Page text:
The Boulton Paul Defiant

Updated: Mar 29

The Boulton Paul Defiant was an unusual fighter aircraft developed by Boulton Paul in 1937. I first learned about this weird and (perhaps not-so-)wonderful beast by means of an Airfix kit. Whether it was the "worst" or not stands to be debated, but hopefully, this article serves as an 'Atlas Obscura' for those uninitiated in the bizarre world of Boulton Paul.


The Defiant wasn't B. P's first rodeo in the weird and wonderful. After the first world war, the Norwich-based factory was awash with twin-engined prototypes. The Boulton Paul Atlantic was one of these aircraft which was a conversion of their mostly successful First World War-era bomber, the Bourges. The name 'Atlantic' derived from their goal to be the first aircraft manufacturer to cross the Atlantic non-stop.ᴵ Unfortunately for B. P., this was the ultimate goal for just about every man and his skillfully trained dog, and an accident during the first test flight of the 'Atlantic', brought the project to a grinding halt.

However, the company wasn't always associated with ambitious failures. In accordance with their blue plaque in their home town of Norwich, Boulton Paul were "Aeronautical Firsts" in many ways. They're credited with the first full-metal airframe, although, this subject can be debated, as some may argue that Junkers or Bristol could lay claim to this title. B. P. is also ascribed with producing the largest quantities of 'Sopwith Camel's' during the First World War and providing the airframe for the R101 airship. Later, during the 1930's the company made their mark by developing the first fully enclosed and fully powered aircraft turretᴵᴵ. As we shall soon see, the company would stick to their guns both figuratively and literally during their later developments.

A Squadron of Defiants

In concept, the Rolls Royce Merlin powered fighter should have earned its place on the podium, akin to the Spitfire and Hurricane which were of a similar ilk. However, in practice, the aptly named Defiant was demoted to back pages of history books and obscure internet blogs. Much like the Spitfire or Hurricane, the Defiant was a 'low-winged monoplane'ᴵᴵᴵ, but unlike the two aforementioned aircraft, the Defiant did not have any frontal armament. Instead, it featured a dorsal turret, that neatly sat behind the pilot. During the early stages of the war, the aircraft fulfilled its 'bomber-destroying' role quite well. The Merlin engine allowed the plane to speed in front of the Luftwaffe bombers, meaning the aft gunner could wreak havoc on the bomber's crew. Defiant crews also lay claim to a few Me 109's too when they were mistaken for Hurricane's by the Messerschmitt pilotsᶦᵛ.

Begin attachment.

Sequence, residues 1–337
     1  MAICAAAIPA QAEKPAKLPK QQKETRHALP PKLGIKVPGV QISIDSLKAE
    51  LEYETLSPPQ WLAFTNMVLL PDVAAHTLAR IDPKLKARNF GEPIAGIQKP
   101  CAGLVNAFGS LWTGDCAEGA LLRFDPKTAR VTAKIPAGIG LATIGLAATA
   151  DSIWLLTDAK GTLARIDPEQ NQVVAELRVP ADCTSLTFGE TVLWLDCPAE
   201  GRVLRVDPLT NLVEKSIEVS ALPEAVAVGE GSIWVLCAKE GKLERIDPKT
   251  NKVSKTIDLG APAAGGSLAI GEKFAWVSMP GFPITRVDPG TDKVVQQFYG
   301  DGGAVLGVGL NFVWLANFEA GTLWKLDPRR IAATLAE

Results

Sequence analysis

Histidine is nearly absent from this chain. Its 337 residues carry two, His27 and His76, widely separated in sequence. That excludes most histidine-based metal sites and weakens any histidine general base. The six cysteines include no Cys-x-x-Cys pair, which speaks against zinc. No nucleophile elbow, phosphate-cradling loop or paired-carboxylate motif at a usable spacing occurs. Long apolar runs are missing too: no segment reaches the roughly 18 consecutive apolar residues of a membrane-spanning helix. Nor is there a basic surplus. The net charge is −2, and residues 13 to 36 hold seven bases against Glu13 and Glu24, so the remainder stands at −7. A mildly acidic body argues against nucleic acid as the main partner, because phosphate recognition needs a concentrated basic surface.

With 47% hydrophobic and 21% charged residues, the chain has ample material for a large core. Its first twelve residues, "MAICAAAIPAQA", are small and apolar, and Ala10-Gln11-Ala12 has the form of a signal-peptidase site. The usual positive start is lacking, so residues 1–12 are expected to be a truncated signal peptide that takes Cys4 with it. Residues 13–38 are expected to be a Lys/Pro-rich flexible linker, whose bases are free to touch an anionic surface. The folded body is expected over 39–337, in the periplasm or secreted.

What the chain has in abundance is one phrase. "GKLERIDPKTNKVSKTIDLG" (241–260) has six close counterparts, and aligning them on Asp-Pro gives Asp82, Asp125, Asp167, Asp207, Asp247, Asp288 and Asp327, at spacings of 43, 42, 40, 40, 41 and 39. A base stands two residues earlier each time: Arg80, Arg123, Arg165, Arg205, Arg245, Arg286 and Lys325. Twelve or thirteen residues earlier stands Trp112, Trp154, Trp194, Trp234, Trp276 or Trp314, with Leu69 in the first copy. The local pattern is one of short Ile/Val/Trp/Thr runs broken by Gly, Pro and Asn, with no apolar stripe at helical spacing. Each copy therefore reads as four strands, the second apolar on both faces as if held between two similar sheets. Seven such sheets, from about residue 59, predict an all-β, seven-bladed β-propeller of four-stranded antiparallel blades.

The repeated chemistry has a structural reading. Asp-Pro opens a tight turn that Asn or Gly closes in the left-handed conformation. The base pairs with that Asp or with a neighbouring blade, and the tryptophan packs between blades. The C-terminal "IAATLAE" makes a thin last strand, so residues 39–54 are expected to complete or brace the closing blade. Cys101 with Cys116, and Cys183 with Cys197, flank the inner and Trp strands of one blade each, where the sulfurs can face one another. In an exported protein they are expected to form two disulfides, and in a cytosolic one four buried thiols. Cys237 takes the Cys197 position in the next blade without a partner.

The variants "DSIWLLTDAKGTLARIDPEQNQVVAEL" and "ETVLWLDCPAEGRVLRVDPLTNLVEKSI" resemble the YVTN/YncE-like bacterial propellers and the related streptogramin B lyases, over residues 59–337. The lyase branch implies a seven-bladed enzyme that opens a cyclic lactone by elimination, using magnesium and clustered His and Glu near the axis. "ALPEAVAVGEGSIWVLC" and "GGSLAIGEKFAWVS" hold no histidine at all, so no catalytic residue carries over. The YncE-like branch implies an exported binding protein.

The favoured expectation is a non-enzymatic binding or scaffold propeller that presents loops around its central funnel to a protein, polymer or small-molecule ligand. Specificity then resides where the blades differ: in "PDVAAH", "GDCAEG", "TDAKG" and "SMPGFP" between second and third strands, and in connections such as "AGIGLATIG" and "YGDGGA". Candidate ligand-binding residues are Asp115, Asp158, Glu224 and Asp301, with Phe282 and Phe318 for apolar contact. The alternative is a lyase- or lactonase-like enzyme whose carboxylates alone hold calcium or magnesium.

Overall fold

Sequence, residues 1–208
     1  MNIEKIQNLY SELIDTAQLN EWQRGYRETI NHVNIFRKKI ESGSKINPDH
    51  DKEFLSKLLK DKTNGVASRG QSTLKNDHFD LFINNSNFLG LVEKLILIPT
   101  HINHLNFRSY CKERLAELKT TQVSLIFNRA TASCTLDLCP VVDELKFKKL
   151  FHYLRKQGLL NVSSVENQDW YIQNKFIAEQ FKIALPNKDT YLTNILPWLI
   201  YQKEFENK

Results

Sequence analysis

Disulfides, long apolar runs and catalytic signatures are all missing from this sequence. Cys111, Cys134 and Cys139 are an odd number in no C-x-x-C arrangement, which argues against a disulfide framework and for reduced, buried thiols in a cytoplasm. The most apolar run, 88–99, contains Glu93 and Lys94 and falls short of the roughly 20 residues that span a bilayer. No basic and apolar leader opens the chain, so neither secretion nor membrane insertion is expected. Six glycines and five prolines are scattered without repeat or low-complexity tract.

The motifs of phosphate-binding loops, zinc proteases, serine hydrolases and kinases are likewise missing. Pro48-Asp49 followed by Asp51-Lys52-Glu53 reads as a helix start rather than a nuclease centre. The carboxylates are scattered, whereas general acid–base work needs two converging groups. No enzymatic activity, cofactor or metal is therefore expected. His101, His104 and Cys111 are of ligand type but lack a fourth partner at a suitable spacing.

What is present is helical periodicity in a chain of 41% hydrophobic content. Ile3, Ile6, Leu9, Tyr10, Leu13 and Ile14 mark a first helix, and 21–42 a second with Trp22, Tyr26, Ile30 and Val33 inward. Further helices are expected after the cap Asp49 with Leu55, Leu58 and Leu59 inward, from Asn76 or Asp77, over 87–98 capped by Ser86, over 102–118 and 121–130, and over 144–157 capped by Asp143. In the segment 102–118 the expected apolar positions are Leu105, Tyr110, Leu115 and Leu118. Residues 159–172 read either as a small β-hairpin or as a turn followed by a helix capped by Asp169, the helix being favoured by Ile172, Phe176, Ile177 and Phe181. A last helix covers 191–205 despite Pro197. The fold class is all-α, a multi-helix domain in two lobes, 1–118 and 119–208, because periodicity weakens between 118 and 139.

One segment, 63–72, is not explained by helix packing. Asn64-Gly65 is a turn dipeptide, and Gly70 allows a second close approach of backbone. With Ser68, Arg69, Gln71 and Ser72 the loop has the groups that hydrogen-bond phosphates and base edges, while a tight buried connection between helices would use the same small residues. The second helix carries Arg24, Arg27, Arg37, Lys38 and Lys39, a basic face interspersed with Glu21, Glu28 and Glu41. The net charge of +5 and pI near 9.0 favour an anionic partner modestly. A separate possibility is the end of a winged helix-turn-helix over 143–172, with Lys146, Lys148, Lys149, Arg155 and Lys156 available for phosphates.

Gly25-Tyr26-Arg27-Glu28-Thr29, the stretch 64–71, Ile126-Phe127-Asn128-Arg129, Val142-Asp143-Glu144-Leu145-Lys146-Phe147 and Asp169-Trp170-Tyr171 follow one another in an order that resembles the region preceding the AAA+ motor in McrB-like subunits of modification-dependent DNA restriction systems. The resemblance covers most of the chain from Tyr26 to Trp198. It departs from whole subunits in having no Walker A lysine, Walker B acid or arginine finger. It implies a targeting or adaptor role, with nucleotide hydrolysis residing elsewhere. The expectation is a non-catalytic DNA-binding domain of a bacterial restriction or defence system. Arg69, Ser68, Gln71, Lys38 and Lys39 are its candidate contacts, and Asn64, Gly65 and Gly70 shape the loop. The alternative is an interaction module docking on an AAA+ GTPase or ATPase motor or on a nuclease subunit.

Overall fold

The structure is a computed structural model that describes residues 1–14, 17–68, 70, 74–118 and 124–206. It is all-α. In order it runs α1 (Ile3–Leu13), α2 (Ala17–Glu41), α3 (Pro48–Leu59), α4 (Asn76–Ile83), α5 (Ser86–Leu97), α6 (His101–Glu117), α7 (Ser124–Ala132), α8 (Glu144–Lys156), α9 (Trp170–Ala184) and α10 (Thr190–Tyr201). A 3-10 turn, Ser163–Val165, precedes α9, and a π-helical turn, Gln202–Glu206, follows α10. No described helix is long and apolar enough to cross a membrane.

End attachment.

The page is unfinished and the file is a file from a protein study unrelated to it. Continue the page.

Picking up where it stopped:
A gunner from 264 Squadron

Despite a handful of victories, the Defiant was flawed and the ratio of kills to losses was not in favour of the R.A.F. Eventually, Me 109 pilots cottoned on to the fact that the Defiant had no frontal machine guns whatsoever, and the turret could not offer any protection to the front of the aircraft. The bulbous turret also meant that the Defiant's maneuverability was inadequate to that of its peers and its rivals, thank's to the large amount of drag the shape of the turret produced.

Soon, the duties of the Defiant as a daytime fighter would be relieved and instead, it would wind up as night-fighterᵛ. Early models were essentially a blacked-out version of the normal Mk.I but the NF Mk.Ia and the NF Mk.II would feature advanced radar systemsᵛᶦ which would make the Defiant a worthy opponent to German bombers. This change in role was perhaps the best thing to happen to the Defiant and the increase in claimed aircraft kills was noteworthy, however, with aircraft developments getting increasingly more advanced, the Defiant was once again outshone by its peers, especially with the development of the DeHavilland Mosquito which boasted 2 engines which allowed for greater speed and maneuverability. This would not be the end of the Defiant's career but it did mean that most of the aircraft were demoted to nothing more than a target tugs, with the rear turret being replaced by an observer's seatᵛᶦᶦ. Some Defiant's stayed in this role until 1947, after which, they faded away.

Only one known example of the Boulton Paul Defiant exists today.






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